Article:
At the beginning of the second three-hour class period of this semester’s studio physics course, I told my students that we wouldn’t be using any equations for the next week.
Just to be clear, I am not teaching a general education physics course for liberal arts majors. Instead, I’m teaching a second semester calculus-based physics course largely populated by students majoring in engineering and the physical sciences. In a few short weeks, I’m going to write on the document camera the equation relating field and potential (in this case, electric field and electric potential) which – as practitioners and aficionados know – involves multivariable calculus with partial derivatives and all that nasty stuff.
But for now, we are starting with what should always come first, which is understanding how things work without the mathematical crutches that equations often become for novice learners of physics.
I start the second semester course with the unit on DC (direct current) circuits from Lillian McDermott’s Physics by Inquiry. The idea is both to improve student learning about circuits and electric current and to ease the transition into the relatively abstract subject of electrostatics by giving students a hands-on introduction to electric potential.
Does it work? My students learn twice as much about DC circuits as students in traditional classes do. So that’s a win. But does the inquiry-driven circuit unit succeed in easing the transition into electrostatics? It hasn’t been obvious during the last half dozen years or so that I’ve been leading off the second semester with McDermott that it does. So this semester, science education doctoral student Mark Akubo is leading an observational study of how a group of students handles the transition from circuits to electrostatics. The methodology is similar to that of a study in my fall 2017 class about how students learned about mechanical energy that led to instructional improvements that we implemented this past fall.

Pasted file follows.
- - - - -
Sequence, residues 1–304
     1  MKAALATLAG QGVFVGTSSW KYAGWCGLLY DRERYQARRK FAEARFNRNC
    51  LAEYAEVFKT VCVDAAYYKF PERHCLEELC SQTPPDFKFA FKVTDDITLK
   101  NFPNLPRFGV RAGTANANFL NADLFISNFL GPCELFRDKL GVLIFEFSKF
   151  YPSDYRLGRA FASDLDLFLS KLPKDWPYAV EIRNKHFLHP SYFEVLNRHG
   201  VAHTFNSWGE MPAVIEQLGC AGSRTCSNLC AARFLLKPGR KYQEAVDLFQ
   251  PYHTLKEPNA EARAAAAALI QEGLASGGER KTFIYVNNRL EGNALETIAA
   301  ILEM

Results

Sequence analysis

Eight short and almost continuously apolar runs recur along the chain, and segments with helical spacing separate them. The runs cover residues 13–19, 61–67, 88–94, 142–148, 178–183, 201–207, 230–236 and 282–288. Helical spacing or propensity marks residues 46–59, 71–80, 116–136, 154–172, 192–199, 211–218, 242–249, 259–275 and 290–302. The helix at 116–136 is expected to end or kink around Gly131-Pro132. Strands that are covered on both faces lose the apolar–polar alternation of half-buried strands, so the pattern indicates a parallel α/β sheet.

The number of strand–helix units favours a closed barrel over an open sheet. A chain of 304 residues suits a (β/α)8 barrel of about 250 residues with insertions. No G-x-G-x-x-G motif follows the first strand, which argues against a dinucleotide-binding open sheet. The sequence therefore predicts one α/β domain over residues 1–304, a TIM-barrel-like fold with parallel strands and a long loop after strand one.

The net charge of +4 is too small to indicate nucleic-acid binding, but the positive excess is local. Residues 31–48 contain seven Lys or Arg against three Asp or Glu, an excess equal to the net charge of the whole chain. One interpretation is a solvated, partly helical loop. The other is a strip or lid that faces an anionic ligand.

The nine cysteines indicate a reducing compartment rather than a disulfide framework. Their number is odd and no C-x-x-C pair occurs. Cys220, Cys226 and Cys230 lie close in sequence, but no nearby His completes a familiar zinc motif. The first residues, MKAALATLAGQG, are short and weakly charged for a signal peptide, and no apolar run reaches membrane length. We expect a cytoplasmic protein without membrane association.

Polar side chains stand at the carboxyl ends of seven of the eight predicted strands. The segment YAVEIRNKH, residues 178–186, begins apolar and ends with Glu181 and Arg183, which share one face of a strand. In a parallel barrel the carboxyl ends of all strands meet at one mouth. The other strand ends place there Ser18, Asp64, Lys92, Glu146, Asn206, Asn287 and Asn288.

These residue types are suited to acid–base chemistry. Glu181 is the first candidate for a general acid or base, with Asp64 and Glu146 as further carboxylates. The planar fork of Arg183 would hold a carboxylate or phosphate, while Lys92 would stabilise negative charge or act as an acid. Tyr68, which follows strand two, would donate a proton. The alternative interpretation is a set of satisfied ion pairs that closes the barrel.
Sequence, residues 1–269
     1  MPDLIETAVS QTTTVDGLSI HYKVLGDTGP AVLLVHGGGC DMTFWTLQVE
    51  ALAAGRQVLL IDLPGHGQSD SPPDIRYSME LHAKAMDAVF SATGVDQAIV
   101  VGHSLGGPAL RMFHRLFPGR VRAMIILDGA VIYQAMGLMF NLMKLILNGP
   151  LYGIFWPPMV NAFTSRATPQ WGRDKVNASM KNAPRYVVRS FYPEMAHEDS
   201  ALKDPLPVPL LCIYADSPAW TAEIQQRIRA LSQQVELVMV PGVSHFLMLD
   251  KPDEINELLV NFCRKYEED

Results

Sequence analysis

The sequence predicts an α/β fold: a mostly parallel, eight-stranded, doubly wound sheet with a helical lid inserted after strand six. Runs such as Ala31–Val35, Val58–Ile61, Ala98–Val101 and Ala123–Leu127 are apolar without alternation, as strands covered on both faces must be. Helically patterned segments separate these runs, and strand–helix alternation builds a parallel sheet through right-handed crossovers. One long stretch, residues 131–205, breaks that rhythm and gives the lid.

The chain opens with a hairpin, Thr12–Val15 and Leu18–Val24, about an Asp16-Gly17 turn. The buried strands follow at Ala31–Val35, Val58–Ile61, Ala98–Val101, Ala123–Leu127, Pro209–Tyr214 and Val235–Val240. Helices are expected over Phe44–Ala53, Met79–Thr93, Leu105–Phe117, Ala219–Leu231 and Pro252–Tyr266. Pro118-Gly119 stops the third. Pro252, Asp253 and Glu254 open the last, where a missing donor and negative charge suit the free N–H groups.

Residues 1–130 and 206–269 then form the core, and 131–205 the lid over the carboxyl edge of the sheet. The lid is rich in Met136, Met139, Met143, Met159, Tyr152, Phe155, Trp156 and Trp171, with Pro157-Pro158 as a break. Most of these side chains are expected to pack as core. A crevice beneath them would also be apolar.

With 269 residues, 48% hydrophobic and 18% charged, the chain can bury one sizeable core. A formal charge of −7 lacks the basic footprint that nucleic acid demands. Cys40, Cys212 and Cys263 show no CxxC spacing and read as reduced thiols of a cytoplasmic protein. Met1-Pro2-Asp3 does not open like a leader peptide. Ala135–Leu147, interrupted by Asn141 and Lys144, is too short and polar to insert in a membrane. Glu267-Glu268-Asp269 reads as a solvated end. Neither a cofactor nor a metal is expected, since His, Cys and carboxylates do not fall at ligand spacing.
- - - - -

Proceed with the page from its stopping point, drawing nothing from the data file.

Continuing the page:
As we have been working through the early stages of this course (and the study) this month, I’ve been thinking about a conversation I had with an engineering professor recently who told me that implementing a studio instructional model for physics isn’t worth the trouble because the only thing students are supposed to learn in a college physics class is how to manipulate equations. I was caught so completely off-guard by the comment that it took me a few moments to regain my composure, and the response I should have given – that a physics course should provide students with a strong understanding of the laws of nature that the best innovators have – eluded me until I had left the engineering building.
If that misbegotten belief about what is (and should be) taught in college and high school physics classes is widespread, then it is a wound that the community of physics educators has inflicted on itself by not fully embracing teaching strategies based on the research on how students learn best.
Do I hate equations? Heck, no! In fact, this semester I’ll be implementing a scheme that was suggested by some of the students and TA’s I’ve had this year in which instead of just providing a cheat sheet of equations for the final exam at the end of the semester we progressively build an equation sheet during the semester by adding each week the equations used in that week’s lessons. But two weeks into the semester, we haven’t started this project yet because we haven’t used any equations yet. That will change quickly in the next few weeks.